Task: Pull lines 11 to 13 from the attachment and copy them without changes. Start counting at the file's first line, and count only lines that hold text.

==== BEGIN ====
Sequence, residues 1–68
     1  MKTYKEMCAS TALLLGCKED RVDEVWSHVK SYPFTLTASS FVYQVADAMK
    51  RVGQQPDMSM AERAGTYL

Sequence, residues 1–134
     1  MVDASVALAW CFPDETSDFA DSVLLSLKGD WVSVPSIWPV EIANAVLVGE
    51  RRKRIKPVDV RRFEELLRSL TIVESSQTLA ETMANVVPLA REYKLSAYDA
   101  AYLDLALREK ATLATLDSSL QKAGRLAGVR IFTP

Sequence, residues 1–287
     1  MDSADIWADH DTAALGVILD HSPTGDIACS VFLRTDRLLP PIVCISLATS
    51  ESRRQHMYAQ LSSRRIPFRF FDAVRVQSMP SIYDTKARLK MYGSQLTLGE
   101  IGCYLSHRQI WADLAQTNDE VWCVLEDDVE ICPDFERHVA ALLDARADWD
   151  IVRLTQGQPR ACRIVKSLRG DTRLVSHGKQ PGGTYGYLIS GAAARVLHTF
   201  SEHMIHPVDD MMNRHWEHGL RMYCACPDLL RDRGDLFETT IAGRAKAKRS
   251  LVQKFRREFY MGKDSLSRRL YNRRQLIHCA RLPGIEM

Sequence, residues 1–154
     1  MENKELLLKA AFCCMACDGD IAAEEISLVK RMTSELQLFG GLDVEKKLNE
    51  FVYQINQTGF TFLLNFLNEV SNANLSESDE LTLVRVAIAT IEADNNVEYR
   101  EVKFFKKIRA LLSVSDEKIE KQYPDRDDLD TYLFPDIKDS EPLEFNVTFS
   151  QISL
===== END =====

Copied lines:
   101  IGCYLSHRQI WADLAQTNDE VWCVLEDDVE ICPDFERHVA ALLDARADWD
   151  IVRLTQGQPR ACRIVKSLRG DTRLVSHGKQ PGGTYGYLIS GAAARVLHTF
   201  SEHMIHPVDD MMNRHWEHGL RMYCACPDLL RDRGDLFETT IAGRAKAKRS